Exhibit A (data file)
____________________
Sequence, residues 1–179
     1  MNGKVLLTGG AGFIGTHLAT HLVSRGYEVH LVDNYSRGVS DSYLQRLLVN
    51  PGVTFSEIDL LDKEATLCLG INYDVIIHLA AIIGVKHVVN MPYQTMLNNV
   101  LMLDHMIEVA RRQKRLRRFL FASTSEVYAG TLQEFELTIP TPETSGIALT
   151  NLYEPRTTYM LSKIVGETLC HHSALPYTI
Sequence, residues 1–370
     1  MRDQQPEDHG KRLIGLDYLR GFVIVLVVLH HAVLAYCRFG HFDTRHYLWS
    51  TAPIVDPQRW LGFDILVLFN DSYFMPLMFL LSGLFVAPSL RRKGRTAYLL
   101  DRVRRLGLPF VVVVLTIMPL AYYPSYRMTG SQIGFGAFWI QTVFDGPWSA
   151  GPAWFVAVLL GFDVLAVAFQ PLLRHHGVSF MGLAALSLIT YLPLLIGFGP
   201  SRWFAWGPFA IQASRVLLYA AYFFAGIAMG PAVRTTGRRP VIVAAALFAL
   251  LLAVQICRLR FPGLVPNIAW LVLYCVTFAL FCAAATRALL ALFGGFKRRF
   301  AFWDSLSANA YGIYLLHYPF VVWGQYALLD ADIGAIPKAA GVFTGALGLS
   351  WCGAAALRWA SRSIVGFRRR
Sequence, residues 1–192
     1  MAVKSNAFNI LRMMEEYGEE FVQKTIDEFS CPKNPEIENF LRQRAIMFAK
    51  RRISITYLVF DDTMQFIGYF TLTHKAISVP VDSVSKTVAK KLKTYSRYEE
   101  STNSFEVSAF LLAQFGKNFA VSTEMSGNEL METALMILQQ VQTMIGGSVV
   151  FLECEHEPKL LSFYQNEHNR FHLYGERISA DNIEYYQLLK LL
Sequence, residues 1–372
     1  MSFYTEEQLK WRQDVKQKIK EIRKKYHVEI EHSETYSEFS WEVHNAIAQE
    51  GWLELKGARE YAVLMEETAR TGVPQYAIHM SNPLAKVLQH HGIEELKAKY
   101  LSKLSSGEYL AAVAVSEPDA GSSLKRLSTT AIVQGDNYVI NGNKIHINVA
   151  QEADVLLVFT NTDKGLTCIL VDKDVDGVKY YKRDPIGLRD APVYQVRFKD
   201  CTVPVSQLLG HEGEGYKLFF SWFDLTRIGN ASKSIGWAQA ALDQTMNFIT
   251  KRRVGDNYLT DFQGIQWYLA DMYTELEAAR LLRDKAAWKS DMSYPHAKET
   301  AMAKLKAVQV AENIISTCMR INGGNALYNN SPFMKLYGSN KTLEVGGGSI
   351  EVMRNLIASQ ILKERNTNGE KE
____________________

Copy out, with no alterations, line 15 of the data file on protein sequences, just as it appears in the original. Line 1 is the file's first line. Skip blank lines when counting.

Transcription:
Sequence, residues 1–192